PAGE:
Building authentic connection with teens amidst real life

Building authentic connection with teens amidst real life

Recently my husband and I began to watch a popular teen TV show, purely for sociological reasons. We aimed to familiarise ourselves with mainstream teenage media influences. We observed that the parents were portrayed as mainly helpless bystanders, unable to influence their teen’s activities and lacking in an ability to engage or understand their teenager’s life.

Hollywood in general, glorifies that it is not ‘cool’ to hang out or like parents when you are a teenager.

In this series, the father was portrayed as disinterested – absorbed in himself and his work. The mother was seen as busy and independent. In one scene, she was concerned that the family hadn’t sat down together for a meal in three weeks. She organised a family breakfast at home and chose this time to interrogate the teenager, who then said, “I’m off!”

It is natural for teenagers to grow in self-autonomy, but this does not mean that parents are helpless bystanders. It is an invitation to reinvent your relationship together. 

There is a generalised thought that parents should not or cannot be ‘friends’ with their teenagers. But we can most certainly enjoy each other’s company, and there is room for friendship with similar interests in music and going to concerts, outings, holidays and adventures, movies, food, hobbies such as sport and cars, shopping and pampering sessions.

During this stage teenagers have a tendency to withdraw and to challenge their parents. You may not always agree, and arguments may arise, but there is still mutual love.

This is in general a difficult stage of life for the adults too. There may be a midlife crisis with a fear of not being needed, or an increase in career pressures. The parents are growing as individuals too, finding their passions and purpose outside of family life. But this is not a time of loosening connections or letting go of the rope.

Teenagers can be secretive, and withdrawing can be a natural tendency, but it is the parents’ role to uncover pictures of their teens’ daily activities and issues. The following ideas may help to foster connection and discovery in family life.

Try spending a short amount of quality time with your teenagers each day. This might include simple activities such as sharing the evening meal together, lending an ear to support while they do their homework, watching TV together – there may be a favourite family programme, which in our house is Gogglebox, which everyone finds hilarious – or going on an evening dog walk together, which can add to the daily conversation.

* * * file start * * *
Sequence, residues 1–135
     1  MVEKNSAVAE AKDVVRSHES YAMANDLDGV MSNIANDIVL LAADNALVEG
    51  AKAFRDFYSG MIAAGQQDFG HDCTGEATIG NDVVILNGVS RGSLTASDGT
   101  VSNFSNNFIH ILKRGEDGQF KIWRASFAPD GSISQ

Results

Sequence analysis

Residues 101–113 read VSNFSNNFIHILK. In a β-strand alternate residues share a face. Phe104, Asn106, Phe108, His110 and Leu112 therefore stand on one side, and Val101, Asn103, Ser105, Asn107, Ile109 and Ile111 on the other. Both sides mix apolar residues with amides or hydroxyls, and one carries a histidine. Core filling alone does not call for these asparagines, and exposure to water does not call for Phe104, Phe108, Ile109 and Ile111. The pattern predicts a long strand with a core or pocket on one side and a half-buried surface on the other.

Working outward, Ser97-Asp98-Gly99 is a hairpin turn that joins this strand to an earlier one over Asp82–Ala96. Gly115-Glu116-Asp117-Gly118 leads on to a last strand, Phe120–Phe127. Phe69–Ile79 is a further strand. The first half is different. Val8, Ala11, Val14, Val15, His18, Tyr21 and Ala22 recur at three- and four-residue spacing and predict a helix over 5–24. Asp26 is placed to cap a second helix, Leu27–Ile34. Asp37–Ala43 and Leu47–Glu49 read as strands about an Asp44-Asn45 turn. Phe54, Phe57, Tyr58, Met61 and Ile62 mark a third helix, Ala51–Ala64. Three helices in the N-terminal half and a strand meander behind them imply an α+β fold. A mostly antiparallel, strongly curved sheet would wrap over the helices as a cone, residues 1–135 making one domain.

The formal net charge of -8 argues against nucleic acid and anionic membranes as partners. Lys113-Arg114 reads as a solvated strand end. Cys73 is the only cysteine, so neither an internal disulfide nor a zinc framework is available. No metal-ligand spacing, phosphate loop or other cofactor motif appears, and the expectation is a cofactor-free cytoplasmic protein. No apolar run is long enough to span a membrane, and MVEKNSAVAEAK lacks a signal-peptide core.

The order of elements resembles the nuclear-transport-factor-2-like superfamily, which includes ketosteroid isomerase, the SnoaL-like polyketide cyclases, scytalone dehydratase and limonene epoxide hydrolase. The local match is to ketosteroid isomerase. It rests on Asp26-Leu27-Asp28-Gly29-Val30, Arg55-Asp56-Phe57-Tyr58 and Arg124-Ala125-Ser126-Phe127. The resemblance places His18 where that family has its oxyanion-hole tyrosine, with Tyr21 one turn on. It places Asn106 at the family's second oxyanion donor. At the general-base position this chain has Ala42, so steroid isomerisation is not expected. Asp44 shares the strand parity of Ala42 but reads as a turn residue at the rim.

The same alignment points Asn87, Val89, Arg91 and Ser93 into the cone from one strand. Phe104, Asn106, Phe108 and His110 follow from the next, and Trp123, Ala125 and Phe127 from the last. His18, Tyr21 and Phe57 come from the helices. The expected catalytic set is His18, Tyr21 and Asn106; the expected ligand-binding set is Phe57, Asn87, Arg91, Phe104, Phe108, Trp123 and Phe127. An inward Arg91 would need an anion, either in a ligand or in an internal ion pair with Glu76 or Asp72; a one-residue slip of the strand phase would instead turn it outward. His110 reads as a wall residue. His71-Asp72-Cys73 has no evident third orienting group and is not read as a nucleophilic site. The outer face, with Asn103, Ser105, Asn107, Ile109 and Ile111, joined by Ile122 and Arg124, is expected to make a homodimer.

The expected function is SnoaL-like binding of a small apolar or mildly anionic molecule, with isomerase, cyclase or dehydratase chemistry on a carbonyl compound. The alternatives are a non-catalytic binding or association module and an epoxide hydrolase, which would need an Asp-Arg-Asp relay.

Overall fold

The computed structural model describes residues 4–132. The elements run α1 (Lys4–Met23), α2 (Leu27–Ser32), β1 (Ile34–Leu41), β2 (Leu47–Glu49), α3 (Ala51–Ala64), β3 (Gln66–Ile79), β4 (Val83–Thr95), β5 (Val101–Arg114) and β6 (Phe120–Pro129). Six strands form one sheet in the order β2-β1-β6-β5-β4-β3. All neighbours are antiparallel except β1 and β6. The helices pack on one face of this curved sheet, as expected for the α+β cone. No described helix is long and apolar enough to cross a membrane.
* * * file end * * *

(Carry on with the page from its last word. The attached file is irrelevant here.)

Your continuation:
These times are for connecting in a low-key manner and for withholding from the tendency to – as teenagers see it – nag, interrogate, reprimand or lecture. In this way parents and teenagers are more likely to continue together.

Have fun with each other. This might include family jokes, physical playfulness, humour and taking the mickey out of each other in a loving way, as only family members can!

I asked my husband for his main tip for parenting teenagers, and he simply replied, “To be there.” I asked him to explain. “To be around, to be present,” he said. We need to be ‘there’ for our teenagers. We stand back, but observe, ready to support, to lend an ear or assistance. They must never feel alone, but support needs to be subtle too. 

Occasionally I say to my teenagers in a soft voice, “Has anyone told you they love you today?” (I say this to my husband too!) This remark can be met with a grunt, raised eyeballs and at times a loving “I know you do” with a smile! I keep saying it, and I mean it with all my heart. I also say, “How is my favourite son/daughter today?” This is a family joke, as I only have one of each.

I endeavour to acknowledge my teenagers’ contribution to family life. Yesterday, the car that my daughter is learning to drive would not start. The key had become stuck in the ignition. She left for school, upset. Within 20 minutes of being a passenger, she received a text from her brother saying he had fixed it. Later, I texted my son: “Thank you for supporting your sister. She was upset. And for being the ‘troubleshooter ‘of the family! What would we do without you?”

Far from the pitiable portrayal by Hollywood, parenting of teenagers is a juicy, at times white-knuckling ride, guaranteed to bring exciting drama and love. I encourage you to create your own Hollywood movie by deeply engaging with your teen. This personal movie can be replayed during your senior years with much humour and reminiscing, looking back with laughter, and wisdom, at your mistakes and misunderstandings. And with tears of joy at your moments of perseverance, enduring love, and real, authentic connection!


Lou Harvey-Zahra is a Rudolf Steiner, primary and special needs trained teacher and parenting author. Her books include Happy Child, Happy Home and Creative Discipline, Connected Family, both published by Floris Books. She lives with her husband and teenagers in Melbourne, Australia.

Photo: Annie Spratt


First published in Issue 42 of JUNO. Accurate at the time this issue went to print.  

Back to blog

Are you finding value in our content?

Subscribe to JUNO and receive a new issue packed with nurturing parenting content every other month!

You'll also gain unlimited access to our fully searchable digital archives, with thousands of articles to explore...

Subscribe today